William Steiner, 4 Radcliff Drive, Great Neck, NY, who represents that he is the beneficial owner of shares of Common Stock with a market value of at least $2,000 and has held such shares continuously for at least one year, has submitted the following resolution and supporting statement for inclusion in this Proxy Statement and has indicated that he, or his representative, will introduce the resolution at the annual meeting.

MAXIMIZE VALUE RESOLUTION

Resolved that the shareholders of Hasbro, Inc. urge the Hasbro, Inc. Board of Directors to arrange for the prompt sale of Hasbro, Inc. to the highest bidder.

The purpose of the Maximize Value Resolution is to give all Hasbro, Inc. shareholders the opportunity to send a message to the Hasbro, Inc. Board that they support the prompt sale of Hasbro, Inc. to the highest bidder. A strong and or majority vote by the shareholders would indicate to the board the displeasure felt by the shareholders of the shareholder returns over many years and the drastic action that should be taken. Even if it is approved by the majority of the Hasbro, Inc. shares represented and entitled to vote at the annual meeting, the Maximize Value Resolution will not be binding on the Hasbro, Inc. Board. The proponent however believes that if this resolution receives substantial support from the shareholders, the board may choose to carry out the request set forth in the resolution.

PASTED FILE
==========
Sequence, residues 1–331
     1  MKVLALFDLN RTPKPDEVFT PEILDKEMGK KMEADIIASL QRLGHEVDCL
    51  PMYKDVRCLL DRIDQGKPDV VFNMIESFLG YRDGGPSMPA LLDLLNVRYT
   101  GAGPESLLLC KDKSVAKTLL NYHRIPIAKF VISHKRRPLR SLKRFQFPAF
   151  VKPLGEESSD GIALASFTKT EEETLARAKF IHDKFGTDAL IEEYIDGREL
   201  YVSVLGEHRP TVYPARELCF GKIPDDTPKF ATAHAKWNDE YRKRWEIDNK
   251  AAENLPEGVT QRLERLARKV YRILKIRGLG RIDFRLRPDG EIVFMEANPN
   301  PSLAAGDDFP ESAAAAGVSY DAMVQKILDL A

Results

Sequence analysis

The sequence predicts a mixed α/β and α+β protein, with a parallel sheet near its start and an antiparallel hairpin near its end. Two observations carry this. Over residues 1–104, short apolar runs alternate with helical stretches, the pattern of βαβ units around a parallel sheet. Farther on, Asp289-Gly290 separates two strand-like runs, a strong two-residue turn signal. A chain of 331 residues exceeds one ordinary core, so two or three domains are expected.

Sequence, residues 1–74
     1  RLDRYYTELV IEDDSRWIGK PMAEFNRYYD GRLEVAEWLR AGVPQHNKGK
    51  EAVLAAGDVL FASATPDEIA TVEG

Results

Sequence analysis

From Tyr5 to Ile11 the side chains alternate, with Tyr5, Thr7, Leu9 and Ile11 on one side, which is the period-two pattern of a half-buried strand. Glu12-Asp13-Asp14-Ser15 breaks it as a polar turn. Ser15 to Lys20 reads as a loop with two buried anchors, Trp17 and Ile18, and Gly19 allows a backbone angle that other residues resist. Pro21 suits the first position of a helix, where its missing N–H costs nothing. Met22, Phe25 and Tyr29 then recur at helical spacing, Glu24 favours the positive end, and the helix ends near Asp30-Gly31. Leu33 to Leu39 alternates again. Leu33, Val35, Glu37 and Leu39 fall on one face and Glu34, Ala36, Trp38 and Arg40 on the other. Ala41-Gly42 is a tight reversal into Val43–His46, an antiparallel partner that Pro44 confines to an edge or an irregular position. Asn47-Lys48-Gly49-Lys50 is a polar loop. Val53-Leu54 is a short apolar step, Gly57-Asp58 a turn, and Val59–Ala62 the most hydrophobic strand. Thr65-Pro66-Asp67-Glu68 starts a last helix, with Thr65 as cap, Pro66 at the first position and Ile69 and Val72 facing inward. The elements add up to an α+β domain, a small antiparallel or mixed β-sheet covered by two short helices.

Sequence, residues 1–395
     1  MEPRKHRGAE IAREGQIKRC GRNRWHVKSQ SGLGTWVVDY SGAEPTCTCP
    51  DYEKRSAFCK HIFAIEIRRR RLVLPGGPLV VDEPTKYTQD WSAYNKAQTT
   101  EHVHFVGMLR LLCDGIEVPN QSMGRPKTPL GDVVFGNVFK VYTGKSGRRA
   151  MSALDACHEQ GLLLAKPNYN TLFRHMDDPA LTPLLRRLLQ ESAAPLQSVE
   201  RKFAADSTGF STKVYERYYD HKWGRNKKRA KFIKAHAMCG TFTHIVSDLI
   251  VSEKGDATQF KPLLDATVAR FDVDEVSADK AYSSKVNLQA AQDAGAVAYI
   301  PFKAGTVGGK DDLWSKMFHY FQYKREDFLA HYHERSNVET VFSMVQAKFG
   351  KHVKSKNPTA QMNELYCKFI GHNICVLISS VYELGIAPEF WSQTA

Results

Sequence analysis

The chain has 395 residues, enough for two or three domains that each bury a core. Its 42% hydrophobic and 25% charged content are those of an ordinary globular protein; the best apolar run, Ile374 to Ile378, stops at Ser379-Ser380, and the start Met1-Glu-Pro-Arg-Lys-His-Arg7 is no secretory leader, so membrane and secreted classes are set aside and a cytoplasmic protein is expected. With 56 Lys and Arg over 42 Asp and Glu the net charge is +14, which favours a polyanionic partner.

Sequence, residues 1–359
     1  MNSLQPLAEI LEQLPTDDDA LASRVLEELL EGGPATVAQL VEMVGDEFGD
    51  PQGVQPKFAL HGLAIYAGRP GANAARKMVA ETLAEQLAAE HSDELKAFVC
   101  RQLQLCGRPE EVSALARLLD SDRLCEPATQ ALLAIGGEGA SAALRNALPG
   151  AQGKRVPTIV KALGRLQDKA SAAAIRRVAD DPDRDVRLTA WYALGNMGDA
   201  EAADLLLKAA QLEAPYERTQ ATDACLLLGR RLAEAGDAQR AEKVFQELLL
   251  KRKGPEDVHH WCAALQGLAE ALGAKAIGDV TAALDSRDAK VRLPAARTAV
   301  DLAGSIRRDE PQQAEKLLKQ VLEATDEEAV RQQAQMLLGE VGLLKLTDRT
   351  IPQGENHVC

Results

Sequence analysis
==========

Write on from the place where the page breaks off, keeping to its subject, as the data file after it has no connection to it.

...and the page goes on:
19

The prompt auction of Hasbro, Inc. should be accomplished by any appropriate process the board chooses to adopt including a sale to the highest bidder whether in cash, stock, or a combination of both. It is expected that the board will uphold its fiduciary duties to the utmost during the process.

The proponent further believes that if the resolution is adopted, the management and the board will interpret such adoption as a message from the company's stockholders that it is no longer acceptable for the board to continue with its current management plan and strategies.

I URGE YOUR SUPPORT, VOTE FOR THIS RESOLUTION

* * *

RESPONSE OF THE HASBRO, INC. BOARD OF DIRECTORS

THE BOARD UNANIMOUSLY RECOMMENDS A VOTE AGAINST PROPOSAL NO. 2 FOR THE

FOLLOWING REASONS:

The Board strongly believes that implementation of the resolution described above would not be in the best interests of shareholders of the Company and, contrary to the title of the resolution, would not maximize value to the shareholders for the following reasons:

- The Board believes that approval of this resolution would cause uncertainty regarding the Company's future, which would undermine confidence in the Company and adversely affect the Company's relationships with employees, customers and vendors. Such results could have an adverse impact on the Company's ability to compete effectively in the short and long run, leading to a potential decline in shareholder value.

- The Board has the responsibility to direct, and continually reviews and monitors, the Company's business and strategies, as well as developments in the business environment in which the Company operates. Accordingly, the Board is in the best and most informed position to evaluate and consider all of the options that may be available to the Company from time to time including if, when and under what conditions the sale of the Company should be considered and pursued.